People in the middle of their careers, slogging through middle-management, suffer from higher rates of anxiety and depression than people who are at the top or bottom of the social ladder, according to a new study published in Sociology of Health and Illness.

The study, which involved 21,859 full-time employees, found that 18 percent of supervisors and managers reported suffering from anxiety or depression, while only 12 percent of workers could say the same. The study sheds light on the way that those in middle-management positions deal with their position of power and socio-economic class, and how these internalizations develop into symptoms of depression.

“We explored how social class might influence depression and anxiety in ways that may be masked or incompletely explained by standard socioeconomic status measures,” said Seth J. Prins, a co-author of the study and doctoral student in epidemiology at Columbia University’s Mailman School of Public Health, in a statement.

The researchers estimated the prevalence and odds of lifetime and previous 12-month depression and anxiety by looking at income, education, and occupational class categories. The class categories included: owners, those who were self-employed and earned greater than $71,500; managers and supervisors, who occupied executive or managerial roles; and workers, who were common laborers.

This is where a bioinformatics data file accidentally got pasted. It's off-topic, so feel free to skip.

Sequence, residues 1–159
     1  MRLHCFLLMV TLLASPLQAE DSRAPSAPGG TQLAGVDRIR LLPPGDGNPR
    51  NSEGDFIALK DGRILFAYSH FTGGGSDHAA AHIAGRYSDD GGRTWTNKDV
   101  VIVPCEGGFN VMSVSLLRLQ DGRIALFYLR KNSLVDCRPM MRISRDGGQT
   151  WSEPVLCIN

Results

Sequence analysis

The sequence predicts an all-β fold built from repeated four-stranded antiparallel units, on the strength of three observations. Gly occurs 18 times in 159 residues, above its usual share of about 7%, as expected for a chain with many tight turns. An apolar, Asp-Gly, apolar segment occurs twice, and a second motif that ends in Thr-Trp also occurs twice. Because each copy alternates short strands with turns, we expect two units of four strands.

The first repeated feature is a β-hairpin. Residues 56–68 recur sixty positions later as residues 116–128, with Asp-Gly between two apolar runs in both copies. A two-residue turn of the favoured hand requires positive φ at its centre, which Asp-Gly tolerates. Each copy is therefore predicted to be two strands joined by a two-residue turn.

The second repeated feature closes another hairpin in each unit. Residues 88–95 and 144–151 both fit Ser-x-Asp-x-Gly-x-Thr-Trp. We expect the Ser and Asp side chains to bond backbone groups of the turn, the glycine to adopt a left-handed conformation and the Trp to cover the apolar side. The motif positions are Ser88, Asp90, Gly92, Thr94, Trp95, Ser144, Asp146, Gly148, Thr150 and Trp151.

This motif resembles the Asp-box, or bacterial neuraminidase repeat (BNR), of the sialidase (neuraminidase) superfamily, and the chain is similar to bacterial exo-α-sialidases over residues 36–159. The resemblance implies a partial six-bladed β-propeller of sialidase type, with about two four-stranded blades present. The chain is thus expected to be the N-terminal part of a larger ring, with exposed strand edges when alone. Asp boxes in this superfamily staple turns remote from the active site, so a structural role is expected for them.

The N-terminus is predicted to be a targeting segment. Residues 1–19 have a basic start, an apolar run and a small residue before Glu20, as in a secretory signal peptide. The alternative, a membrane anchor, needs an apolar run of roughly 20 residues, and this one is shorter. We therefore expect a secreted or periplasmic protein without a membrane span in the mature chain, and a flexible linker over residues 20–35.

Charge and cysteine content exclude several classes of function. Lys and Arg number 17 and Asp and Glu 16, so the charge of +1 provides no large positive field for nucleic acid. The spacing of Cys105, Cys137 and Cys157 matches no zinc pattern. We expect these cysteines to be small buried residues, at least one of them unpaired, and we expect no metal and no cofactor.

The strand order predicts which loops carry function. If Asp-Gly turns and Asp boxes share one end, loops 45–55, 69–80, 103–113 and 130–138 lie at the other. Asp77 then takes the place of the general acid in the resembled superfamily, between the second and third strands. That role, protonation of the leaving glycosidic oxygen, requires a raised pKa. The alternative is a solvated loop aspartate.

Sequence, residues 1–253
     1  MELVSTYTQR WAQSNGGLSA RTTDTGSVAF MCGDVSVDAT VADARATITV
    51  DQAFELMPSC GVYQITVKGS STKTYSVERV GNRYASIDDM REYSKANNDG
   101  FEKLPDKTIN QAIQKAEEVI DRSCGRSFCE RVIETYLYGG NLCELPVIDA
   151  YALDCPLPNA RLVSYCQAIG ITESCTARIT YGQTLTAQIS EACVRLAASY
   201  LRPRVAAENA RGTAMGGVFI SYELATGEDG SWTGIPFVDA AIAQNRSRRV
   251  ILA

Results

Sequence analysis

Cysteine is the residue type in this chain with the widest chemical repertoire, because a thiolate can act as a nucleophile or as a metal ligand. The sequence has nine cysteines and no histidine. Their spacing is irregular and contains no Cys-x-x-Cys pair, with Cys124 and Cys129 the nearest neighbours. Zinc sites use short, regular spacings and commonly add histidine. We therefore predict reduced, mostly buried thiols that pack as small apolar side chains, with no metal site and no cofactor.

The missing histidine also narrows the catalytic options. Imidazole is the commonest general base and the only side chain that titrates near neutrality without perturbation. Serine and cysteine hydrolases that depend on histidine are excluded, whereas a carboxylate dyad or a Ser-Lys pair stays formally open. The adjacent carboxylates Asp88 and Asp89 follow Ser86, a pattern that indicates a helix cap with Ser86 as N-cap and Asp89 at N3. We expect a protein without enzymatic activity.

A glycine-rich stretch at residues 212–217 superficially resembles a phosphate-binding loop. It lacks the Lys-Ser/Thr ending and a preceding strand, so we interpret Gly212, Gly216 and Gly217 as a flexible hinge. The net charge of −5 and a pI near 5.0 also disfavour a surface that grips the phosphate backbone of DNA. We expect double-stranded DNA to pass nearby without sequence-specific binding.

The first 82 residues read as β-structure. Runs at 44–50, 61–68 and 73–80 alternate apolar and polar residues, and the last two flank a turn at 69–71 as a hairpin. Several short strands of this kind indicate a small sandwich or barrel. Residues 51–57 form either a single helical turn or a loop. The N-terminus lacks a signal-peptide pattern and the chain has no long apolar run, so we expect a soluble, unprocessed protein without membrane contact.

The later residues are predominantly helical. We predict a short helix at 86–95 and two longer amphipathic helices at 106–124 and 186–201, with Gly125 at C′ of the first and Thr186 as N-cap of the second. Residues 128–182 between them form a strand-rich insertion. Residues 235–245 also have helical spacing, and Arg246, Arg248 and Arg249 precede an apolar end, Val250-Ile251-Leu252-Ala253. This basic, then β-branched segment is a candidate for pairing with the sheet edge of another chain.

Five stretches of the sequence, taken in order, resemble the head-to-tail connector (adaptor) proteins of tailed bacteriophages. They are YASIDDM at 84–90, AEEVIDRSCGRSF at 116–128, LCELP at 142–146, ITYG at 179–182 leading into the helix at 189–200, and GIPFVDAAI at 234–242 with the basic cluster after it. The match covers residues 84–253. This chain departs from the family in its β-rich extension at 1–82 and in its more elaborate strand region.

Many managers are given positions of power but have to deal with the day-to-day problems that arise in office environments full of workers, who they must develop mutual trust with. At the same time, they are also members of a different social and economic class, in which they must develop relationships with the owners as well. Considering many may also be trying to continue to climb the social ladder, all of these factors combine into a stress that pulls the manager in different directions, causing devastating mental health effects. For many of these managers, the researchers found, symptoms of depression didn’t arise until after they entered the workforce, and began dealing with these issues.

“Our findings highlight the need for population health research to both conceptualize and measure social class in ways that go beyond the standard measures of socioeconomic status,” said Dr. Lisa Bates, co-author of the study and assistant professor of Epidemiology, in the statement. “Standard measures are most readily available, but can mask important complexity in the relationship between social class and population health.”

Source: Prins S, Bates L, Keyes K, et al. Anxious? Depressed? You might be suffering from capitalism. Contradictory class locations and the prevalence of depression and anxiety in the USA. Sociology of Health and Illness. 2015.